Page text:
Subject: Re: [xsl] xsd- abstract definition|
From: "Laura Jenkins" <xsl_list@xxxxxxxxxxx>
Date: Wed, 02 Oct 2002 14:11:58 +0000
From: Jeni Tennison <jeni@xxxxxxxxxxxxxxxx> Reply-To: xsl-list@xxxxxxxxxxxxxxxxxxxxxx To: "Laura Jenkins" <xsl_list@xxxxxxxxxxx> CC: xsl-list@xxxxxxxxxxxxxxxxxxxxxx Subject: Re: [xsl] xsd- abstract definition Date: Wed, 2 Oct 2002 14:18:33 +0100
> forgive me this is a bit off topic.
It is really -- you should send queries about W3C XML Schema to xmlschema-dev@xxxxxxx
> I have an xsd file, with one of the elements with an attribute > abstract = "true". and i used XML spy to generate an xml file out of > it. and the generated xml can not be validated w.r.t. it says that > the problem is with the abstract value being set to true. However i > changed the value of abstract to false and it is perfectly a valid > file .. I have no clue of the XSD file because it is passed on to me > by one of our clients. Can anyone explain me what "abstract=true" > means?
It means that the element itself can't actually appear in the document. For example, if you had:
<xs:element name="_inline" abstract="true" />
then a document couldn't actually have a <_inline> element in it.
So what's the point? Well, in W3C XML Schema you can provide element substitution groups which basically say that wherever a particular element is specified within a content model, a whole bunch of other elements can appear in their place. For example, you could do:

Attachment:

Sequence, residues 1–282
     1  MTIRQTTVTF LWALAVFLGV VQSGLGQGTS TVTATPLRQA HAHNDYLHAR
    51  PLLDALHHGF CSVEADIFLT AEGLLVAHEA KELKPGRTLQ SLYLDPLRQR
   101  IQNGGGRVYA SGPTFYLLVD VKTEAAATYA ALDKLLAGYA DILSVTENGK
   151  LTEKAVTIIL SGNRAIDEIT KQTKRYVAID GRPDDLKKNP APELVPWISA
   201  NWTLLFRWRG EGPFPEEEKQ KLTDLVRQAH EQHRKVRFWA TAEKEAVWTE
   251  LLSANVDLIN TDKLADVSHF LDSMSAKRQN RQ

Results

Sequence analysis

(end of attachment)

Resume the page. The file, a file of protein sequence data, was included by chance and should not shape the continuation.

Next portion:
<xs:element name="emph" substitutionGroup="_inline" /> <xs:element name="strong" substitutionGroup="_inline" /> <xs:element name="code" substitutionGroup="_inline" /> <xs:element name="span" substitutionGroup="_inline" /> ...
and it means that when you had a content model like:
<xs:sequence> <xs:element ref="_item" minOccurs="0" maxOccurs="unbounded" /> </xs:sequence>
it would be interpreted as being exactly the same as:
<xs:choice minOccurs="0" maxOccurs="unbounded"> <xs:element ref="emph" /> <xs:element ref="strong" /> <xs:element ref="code" /> <xs:element ref="span" /> ... </xs:choice>
It also has a kind of conceptual advantage in that it says "these elements are all inline elements".
Usually when you create substitution groups, you don't want the "head element" (like _inline in this example) to actually be allowed in a document. Making it abstract forces one of the members of the substitution group to be used in its place.
I hope that explains things a bit; do post follow-ups to xmlschema-dev@xxxxxxx
--- Jeni Tennison http://www.jenitennison.com/
XSL-List info and archive: http://www.mulberrytech.com/xsl/xsl-list
_________________________________________________________________ Send and receive Hotmail on your mobile device: http://mobile.msn.com